How Democrats’ Mail-In Ballot Bill Could Change ID Requirements For Good

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Brianna Lyman News and Commentary Writer
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House Democrats are pushing a new bill, H.R.1, also known as the “For The People Act,” which would make changes to federal election laws that would remedy concerns raised throughout the 2020 election cycle.

As of Aug. 22, more than 500,000 mail-in and absentee ballots were rejected, according to NPR. Many ballots were rejected for things that H.R. 1 would permanently change through law.

One provision in the bill would force states to allow any eligible voter to cast a mail-in ballot, nor will the state be allowed to ask for any identification in doing so.

“A state may not require an individual to provide any form of identification as a condition of obtaining an absentee ballot,” the legislation reads.

Nor would voters have to get a witness signature, a notary stamp, or any other safeguards that are in place to ensure the verifiability of identifications. (RELATED: ‘Let Me Finish!’: Matt Schlapp And Chris Hahn Have Heated Battle Over Voter ID Laws)

The provisions would negate laws in 36 states that require or request voters show some form of identification at the polls, according to the National Conference of State Legislatures (NCSL). The remaining 14 states have other methods to ensure that voter identities are accurate, such as making sure signatures are checked against those on file, according to the NCSL.

This very issue affected the 2020 primaries, for example. At least 1,200 ballots were rejected in Alaska’s primary due to lack of witness signatures, according to Anchorage Daily News. The state Supreme Court later ruled absentee mail-in ballots don’t need witness signatures.

Nearly 35,000 ballots were rejected in Maryland’s June primary, with a majority rejected due to late arrival and failure to identify voter’s identity, according to WUSA 9.

Issues with witness requirements were also prevalent during the 2020 election cycle. The Supreme Court reinstated ballot witness requirements in South Carolina, ruling it was up to the state legislature to make election law. A federal judge in North Carolina also ruled that mail-in ballots must also have witness signatures.

A poll worker helps a voter put as she drops off her mail-in ballot at an official Miami-Dade County drive-thru ballot drop box at the Miami-Dade County Election Department in Miami, Florida on November 3, 2020. - The US started voting Tuesday in an election amounting to a referendum on Donald Trump's uniquely brash and bruising presidency, which Democratic opponent and frontrunner Joe Biden urged Americans to end to restore "our democracy." (Photo by CHANDAN KHANNA / AFP) (Photo by CHANDAN KHANNA/AFP via Getty Images)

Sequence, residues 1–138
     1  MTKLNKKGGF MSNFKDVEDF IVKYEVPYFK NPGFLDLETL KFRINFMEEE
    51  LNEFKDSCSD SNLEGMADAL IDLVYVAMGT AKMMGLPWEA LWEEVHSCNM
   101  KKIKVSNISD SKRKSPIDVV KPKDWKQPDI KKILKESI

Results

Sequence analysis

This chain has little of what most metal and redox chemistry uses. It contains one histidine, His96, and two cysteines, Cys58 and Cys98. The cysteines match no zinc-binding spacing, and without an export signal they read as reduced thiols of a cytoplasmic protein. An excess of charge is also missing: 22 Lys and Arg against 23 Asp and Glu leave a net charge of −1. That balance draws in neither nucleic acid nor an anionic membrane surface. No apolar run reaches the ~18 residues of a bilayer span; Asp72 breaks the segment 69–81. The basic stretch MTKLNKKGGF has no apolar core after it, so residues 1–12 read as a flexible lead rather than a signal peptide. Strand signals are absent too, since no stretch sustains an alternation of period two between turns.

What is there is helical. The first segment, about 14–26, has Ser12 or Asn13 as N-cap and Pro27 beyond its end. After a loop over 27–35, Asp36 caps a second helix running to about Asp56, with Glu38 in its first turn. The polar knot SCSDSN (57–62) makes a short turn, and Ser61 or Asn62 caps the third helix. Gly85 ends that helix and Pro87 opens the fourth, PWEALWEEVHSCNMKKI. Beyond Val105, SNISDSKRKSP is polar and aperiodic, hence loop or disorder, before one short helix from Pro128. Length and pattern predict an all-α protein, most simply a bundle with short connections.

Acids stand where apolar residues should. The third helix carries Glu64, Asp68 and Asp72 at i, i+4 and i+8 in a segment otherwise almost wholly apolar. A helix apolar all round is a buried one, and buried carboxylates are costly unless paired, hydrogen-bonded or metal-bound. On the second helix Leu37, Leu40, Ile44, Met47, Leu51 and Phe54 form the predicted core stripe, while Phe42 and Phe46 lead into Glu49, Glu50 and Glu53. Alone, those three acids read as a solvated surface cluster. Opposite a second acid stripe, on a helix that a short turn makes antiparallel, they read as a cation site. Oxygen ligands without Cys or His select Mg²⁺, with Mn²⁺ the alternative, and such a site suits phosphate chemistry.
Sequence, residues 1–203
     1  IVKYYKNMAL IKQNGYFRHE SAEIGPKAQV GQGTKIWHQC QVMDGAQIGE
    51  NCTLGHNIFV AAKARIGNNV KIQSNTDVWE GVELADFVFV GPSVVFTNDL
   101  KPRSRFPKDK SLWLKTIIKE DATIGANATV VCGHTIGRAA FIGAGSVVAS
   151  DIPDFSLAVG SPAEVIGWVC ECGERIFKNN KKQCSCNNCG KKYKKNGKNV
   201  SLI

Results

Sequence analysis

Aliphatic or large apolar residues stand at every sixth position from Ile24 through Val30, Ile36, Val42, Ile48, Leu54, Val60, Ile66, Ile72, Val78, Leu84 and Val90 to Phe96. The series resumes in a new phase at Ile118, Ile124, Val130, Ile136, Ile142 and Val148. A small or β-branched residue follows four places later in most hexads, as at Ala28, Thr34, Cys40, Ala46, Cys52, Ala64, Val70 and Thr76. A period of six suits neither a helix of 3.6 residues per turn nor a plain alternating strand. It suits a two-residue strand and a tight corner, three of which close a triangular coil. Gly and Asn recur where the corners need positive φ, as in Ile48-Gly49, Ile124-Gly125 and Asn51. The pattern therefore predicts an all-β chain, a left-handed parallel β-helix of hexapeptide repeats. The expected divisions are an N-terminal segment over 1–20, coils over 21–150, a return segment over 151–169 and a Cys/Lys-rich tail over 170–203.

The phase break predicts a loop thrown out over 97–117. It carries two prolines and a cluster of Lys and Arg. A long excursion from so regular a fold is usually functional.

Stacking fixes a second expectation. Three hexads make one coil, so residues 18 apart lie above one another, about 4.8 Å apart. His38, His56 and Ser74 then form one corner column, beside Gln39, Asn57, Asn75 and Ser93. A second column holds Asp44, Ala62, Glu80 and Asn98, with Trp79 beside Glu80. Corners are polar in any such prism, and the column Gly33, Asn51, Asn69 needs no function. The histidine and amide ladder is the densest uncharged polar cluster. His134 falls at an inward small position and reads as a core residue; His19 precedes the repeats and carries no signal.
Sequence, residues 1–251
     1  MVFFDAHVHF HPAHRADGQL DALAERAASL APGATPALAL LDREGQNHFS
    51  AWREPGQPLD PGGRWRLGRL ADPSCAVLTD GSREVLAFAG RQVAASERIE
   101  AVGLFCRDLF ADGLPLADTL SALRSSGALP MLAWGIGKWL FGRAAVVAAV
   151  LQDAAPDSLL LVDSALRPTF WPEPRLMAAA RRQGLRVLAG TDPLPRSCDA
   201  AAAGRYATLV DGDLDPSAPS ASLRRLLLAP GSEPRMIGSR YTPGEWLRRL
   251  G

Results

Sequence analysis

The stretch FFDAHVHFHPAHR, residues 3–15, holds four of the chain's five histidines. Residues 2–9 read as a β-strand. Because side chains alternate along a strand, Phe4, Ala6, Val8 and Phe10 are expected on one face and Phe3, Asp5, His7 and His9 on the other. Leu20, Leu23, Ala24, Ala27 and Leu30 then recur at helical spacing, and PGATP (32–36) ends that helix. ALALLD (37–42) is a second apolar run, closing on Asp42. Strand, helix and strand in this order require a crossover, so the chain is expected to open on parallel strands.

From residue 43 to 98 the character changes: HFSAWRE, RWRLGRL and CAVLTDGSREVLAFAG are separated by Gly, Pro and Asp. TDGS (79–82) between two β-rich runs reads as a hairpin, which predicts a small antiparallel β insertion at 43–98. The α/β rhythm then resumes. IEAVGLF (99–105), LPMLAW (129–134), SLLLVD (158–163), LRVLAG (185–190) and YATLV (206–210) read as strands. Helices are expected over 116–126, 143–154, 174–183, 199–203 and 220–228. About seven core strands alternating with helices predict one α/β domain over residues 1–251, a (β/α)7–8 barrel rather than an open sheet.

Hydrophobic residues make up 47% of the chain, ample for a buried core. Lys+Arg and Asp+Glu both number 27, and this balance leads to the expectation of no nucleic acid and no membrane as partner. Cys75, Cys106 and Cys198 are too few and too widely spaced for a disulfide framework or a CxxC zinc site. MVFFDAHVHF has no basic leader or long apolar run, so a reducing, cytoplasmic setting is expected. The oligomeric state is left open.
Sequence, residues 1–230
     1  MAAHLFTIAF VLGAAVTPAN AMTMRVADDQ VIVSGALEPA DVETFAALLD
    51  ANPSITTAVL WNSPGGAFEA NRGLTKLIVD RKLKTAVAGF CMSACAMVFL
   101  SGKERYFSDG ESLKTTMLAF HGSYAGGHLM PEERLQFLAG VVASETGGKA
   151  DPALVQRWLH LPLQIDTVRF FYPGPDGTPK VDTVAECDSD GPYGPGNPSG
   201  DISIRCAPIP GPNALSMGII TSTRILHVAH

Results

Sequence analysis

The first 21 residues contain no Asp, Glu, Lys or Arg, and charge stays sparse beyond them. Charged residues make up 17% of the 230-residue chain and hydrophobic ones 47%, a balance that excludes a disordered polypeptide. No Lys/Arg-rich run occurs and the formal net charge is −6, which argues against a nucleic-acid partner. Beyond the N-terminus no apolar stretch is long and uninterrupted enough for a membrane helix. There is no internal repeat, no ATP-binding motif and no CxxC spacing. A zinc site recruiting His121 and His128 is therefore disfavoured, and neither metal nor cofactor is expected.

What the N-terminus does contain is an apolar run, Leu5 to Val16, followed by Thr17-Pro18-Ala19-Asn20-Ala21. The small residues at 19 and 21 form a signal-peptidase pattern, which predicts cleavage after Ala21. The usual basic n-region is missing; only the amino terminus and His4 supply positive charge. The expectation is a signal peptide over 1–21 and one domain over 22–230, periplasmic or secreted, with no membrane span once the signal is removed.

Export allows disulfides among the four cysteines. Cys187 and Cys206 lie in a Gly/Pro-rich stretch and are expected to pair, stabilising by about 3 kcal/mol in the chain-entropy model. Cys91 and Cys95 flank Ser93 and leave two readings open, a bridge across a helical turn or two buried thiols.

A poll worker helps a voter put as she drops off her mail-in ballot at an official Miami-Dade County drive-thru ballot drop box at the Miami-Dade County Election Department in Miami, Florida on November 3, 2020. -(CHANDAN KHANNA/AFP via Getty Images)

The bill would also create a “uniform deadline for acceptance of mailed ballots” that rules states cannot “refuse to accept or process” a mail-in ballot that arrives late if it was postmarked, signed “or otherwise indicated by the United States Postal Service to have been mailed on or before the date of the election.”

This was one of the most apparent issues during the 2020 election, specifically in Pennsylvania. The Supreme Court deadlocked in October, declining to block a state Supreme Court decision that allowed election officials to receive and count late ballots through Nov. 6 even if they lacked a postmark.

The Supreme Court later declined to hear a later challenge from the Pennsylvania GOP and former President Donald Trump’s campaign that contested former Sec. of State Kathy Boockvar’s guidance that allowed for mail-in ballots to be counted late.

Conservative Justice Clarence Thomas dissented, saying it was the perfect time to rule on the issue of whether or not state legislatures have sole authority to make decisions about election protocols within their respective states.

“That decision to rewrite the rules seems to have affected too few ballots to change the outcome of any federal election,” he wrote. “But that may not be the case in the future. These cases provide us with an ideal opportunity to address just what authority non legislative officials have to set election rules, and to do so well before the next election cycle. The refusal to do so is inexplicable.”

In Oklahoma’s June primary, about 3.6% of ballots cast were rejected, with most getting tossed for late arrival, according to The Oklahoman.

During the April primary in Wisconsin, 23,000 votes were tossed because they arrived too late or were filled out incorrectly, according to ABC News.

Former Libertarian Rhode Island Gov. Lincoln Chafee said that requiring voter I.D. was a “reasonable request to ensure the accuracy and integrity of our elections,” when he signed a law requiring voting I.D. at the polls, according to Reuters.

The Supreme Court has briefly touched on the issue, ruling in Crawford v. Marion County (2008) that the state statute requiring voters to show a photo I.D. was constitutional, with exceptions having been made for absentee voters and voters at licensed nursing homes.